Yale admissions office responds to my WSJ piece

Jeremiah Quinlan, dean of undergraduate admissions at Yale, has written a letter to the Wall Street Journal responding to my opinion piece last week. Countering a claim I never made, he asserts that civic activism in an applying student is not “the only attribute we look for.”

Interestingly, Quinlan does not distance his office from, seek to explain, or mention at all, the earlier Yale admissions blog post on which my piece was based, which had said of accepted students: “we expect them to be versed in issues of social justice.” Instead, he summarily dismisses my analysis as “false” and wrong.”

Meanwhile, in Quinlan’s reworking, what had been a call for applicants to be “versed in issues of social justice” has turned into a thing more anodyne: Yale will “expect its students to be engaged citizens.”

But even that fallback ought to be controversial, if intended as a requirement for applicants rather than a plus. So a high school senior has mastered a field of study or performance, shown mature character and wide-ranging mind, but never spoken out on a public issue, marched, campaigned or even perhaps taken the time to vote? That’s an automatic “no” for an admissions committee?

Of course, a large share of those who apply to Yale are not old enough to have been qualified voters during an election. That’s another reason to hesitate before rejecting those who’ve fallen short of being “engaged citizens.” Earlier post here. And Greg Piper writes up the whole controversy at The College Fix.


  • Isn’t it funny how words have ceased to have meaning. Yale said X. You criticized X. And now X has a different meaning? And this from a university. Sad.

  • You were totally right to criticize Yale. They do in fact want left wing activists. Would they look favorably on students who picketed an abortion clinic? That is activism and social engagement. How about students in ROTC? High school students don’t have a clue what they should be engaged in. It should be enough that they haven’t been arrested and made good grades. These extreme activists are not in fact good citizens they are just loud citizens. They are bullies and in some cases anarchists.

  • I suppose the good news is no one can read the rebuttal without being a WSJ subscriber (including me).

    So how they would feel about “engaged citizen” applicants who protested in support of gun rights, in support of traditional marriage, or against abortion?

    Would they really be treated equally to a student that engaged in protests for gun control, in support of gay marriage, or in support of abortion rights?

    I know the real answer, I am just curious how Yale would publicly tiptoe around that response.

  • Incidentally, the WSJ paywall now bends based on propensity modeling.


    So if you find it consistently excludes you, it may be rating you as the sort of reader it thinks might be induced to subscribe.

  • The Florida county in which I reside requires students to “volunteer” in an “approved” activity or service before before being able to graduate. I believe that it is the same across the state, but am not sure.

    At one point in time, colleges took note that students were engaged in clubs or activities outside of the standard school day. It was a “plus” for the college applicant. Now, it is a requirement which turns the meaning of “volunteering” on its head.

    “If you don’t volunteer, you won’t graduate” is lacking any common sense as “volunteering” should be, well, voluntary.

    (The School District here is also looking to make passing a CPR course mandatory and have local legislators on board with making that a state requirement. )

    Forcing kids to work without compensation or engaging in “social issues and causes” is not what schools are there for.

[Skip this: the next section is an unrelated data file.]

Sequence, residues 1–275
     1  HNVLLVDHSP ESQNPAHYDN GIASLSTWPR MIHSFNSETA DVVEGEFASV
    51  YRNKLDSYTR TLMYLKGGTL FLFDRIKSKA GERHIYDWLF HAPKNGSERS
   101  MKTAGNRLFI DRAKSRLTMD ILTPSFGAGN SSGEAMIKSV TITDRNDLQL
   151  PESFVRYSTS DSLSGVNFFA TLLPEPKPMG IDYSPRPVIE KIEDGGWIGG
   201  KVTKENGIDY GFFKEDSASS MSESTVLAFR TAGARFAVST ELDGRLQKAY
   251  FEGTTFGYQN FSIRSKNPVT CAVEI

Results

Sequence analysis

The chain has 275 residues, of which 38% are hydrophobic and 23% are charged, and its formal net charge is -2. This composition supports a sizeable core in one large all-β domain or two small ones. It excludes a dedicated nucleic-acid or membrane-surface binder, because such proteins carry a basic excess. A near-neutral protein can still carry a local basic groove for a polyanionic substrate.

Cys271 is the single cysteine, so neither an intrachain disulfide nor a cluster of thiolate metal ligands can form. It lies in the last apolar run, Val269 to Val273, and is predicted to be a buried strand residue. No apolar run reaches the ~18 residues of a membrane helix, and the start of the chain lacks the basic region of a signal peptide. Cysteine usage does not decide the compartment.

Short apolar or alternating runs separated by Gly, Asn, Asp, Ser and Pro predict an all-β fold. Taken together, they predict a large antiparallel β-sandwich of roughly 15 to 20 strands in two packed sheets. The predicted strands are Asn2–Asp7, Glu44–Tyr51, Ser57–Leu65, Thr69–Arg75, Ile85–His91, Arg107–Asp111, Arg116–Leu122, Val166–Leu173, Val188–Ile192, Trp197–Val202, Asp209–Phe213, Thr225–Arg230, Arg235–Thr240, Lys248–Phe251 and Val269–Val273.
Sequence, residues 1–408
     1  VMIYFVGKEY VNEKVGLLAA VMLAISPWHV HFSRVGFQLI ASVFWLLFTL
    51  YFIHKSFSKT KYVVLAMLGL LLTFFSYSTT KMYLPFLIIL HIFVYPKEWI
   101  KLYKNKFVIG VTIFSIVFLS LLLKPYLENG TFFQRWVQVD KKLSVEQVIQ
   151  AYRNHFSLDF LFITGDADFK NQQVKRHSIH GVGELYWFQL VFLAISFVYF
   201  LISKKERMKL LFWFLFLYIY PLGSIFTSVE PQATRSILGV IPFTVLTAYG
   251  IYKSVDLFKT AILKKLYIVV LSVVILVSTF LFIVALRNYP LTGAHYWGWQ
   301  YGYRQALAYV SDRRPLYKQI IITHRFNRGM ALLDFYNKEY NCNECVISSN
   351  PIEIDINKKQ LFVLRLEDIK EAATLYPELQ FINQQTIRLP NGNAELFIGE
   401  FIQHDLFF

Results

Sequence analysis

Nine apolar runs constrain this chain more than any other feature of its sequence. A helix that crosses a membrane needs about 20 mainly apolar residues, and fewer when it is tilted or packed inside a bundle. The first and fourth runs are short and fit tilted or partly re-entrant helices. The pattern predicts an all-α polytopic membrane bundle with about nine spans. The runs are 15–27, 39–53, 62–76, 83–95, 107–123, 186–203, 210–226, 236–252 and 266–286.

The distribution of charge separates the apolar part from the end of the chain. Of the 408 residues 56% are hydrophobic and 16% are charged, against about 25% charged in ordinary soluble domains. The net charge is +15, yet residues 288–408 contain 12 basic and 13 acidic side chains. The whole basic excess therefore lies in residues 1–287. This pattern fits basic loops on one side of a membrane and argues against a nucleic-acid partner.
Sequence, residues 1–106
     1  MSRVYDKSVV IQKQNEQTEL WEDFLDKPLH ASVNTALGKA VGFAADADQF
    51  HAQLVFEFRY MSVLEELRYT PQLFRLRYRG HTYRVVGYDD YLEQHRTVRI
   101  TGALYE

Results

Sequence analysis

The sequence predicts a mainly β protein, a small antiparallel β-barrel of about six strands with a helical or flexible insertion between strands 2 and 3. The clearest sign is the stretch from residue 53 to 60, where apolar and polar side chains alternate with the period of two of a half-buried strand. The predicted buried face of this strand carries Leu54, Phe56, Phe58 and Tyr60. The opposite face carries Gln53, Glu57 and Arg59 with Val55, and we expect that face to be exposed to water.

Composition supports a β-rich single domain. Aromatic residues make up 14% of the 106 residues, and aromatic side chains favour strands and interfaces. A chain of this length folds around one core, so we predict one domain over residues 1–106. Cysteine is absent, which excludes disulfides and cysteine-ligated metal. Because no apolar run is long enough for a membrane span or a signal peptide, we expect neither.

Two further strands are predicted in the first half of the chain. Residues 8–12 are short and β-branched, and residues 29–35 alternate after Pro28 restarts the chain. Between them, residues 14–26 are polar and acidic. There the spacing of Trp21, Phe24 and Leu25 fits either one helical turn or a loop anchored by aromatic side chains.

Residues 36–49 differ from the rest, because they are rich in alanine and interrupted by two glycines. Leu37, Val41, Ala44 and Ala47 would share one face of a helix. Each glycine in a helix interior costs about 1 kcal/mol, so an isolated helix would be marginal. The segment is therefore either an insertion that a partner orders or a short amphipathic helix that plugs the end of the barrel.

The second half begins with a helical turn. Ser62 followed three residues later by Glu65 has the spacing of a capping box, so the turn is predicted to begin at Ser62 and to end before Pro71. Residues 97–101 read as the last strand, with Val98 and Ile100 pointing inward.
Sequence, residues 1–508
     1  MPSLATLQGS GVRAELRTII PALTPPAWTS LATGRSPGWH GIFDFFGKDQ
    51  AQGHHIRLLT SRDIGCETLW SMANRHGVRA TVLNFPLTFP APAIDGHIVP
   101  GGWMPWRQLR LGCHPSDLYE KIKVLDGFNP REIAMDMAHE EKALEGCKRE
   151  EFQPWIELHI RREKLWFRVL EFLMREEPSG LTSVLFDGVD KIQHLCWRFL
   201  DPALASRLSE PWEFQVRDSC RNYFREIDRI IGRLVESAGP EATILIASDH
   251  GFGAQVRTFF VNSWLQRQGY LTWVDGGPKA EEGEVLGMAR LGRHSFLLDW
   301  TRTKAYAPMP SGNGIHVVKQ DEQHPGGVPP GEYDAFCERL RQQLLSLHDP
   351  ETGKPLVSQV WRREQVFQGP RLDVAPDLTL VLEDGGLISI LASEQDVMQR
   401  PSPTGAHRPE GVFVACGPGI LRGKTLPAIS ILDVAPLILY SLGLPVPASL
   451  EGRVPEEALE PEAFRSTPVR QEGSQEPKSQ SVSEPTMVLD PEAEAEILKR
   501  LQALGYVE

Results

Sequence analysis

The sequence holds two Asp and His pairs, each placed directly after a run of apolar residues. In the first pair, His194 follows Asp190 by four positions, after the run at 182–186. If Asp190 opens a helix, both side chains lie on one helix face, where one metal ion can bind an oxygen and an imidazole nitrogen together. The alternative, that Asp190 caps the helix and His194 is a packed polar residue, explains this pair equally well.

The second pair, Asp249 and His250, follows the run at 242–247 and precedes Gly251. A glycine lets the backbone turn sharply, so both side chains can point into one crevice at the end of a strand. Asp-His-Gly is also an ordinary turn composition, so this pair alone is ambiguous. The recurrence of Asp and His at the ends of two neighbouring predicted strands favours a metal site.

Graduating students may not be able to read or do math, but daggone it, they are great at protesting!

  • I can’t read the letter without a WSJ subscription. Could you post the letter? (Surely it would be fair use!)

    • The WSJ is particularly antsy about not having its copy redistributed right after publication, aside from whatever views on that subject the letter writer himself may have. However, if you follow the College Fix link at the end of the post, it employs fair use to quote a couple of excerpts from the letter which give a fair sense of its content.

  • Good grief. You can be an engaged citizen without being some sort of “movement leading, left-wing protester.” (And BTW, there are RIGHT WING protestors and activists, too.)
    Being engaged has to do with having a level of awareness and capability to “engage” in dialogue with an informed point of view. There is also an “action” component, but that doesn’t necessarily mean marching in the streets. It has to do with leadership, which our universities are supposed to be developing. Leaders take action. Being engaged is also important as many college classrooms promote and encourage lively conversation about their field of study and how it can relate to or impact current events. I had some of my best (and most challenging) debates in a college classroom. And being versed in economic theory but not knowing how it applies to today’s economic environment, policies or indicators makes one full of useless head knowledge.
    I’m not the marching or protesting type, but I stay informed of current events and changes in foreign, domestic and economic policy, and leverage that to make informed personal and professional decisions, whether that be how I vote, where I work, how I lead, or how I advise clients. The common element here? Demonstrating a willingness to make AND act on informed decisions.

  • I read the original blog post differently from you. Specifically, this part:

    “In high school, we teach students calculus and US History, literature and physics. We teach them how to write analytical essays and lab reports. But we also have to teach them how to think and feel and be proud and involved citizens of wherever they live. I believe it is our duty to teach them the latter just as much as the former.

    For those students who come to Yale, we expect them to be versed in issues of social justice. We encourage them to be vocal when they see an opportunity for change in our institution and in the world. We value student voices on campus and we encourage discourse and action. To punish our applicants for doing just that would go against the very beliefs that make Yale such a special place to study. Instead, I support those high school students around the country and urge other educators and administrators to do the same.”